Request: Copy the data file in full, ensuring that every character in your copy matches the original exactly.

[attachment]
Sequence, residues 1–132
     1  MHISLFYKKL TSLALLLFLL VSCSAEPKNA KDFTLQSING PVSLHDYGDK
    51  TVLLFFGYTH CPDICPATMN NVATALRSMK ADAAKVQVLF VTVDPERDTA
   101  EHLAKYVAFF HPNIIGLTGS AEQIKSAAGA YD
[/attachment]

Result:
Sequence, residues 1–132
     1  MHISLFYKKL TSLALLLFLL VSCSAEPKNA KDFTLQSING PVSLHDYGDK
    51  TVLLFFGYTH CPDICPATMN NVATALRSMK ADAAKVQVLF VTVDPERDTA
   101  EHLAKYVAFF HPNIIGLTGS AEQIKSAAGA YD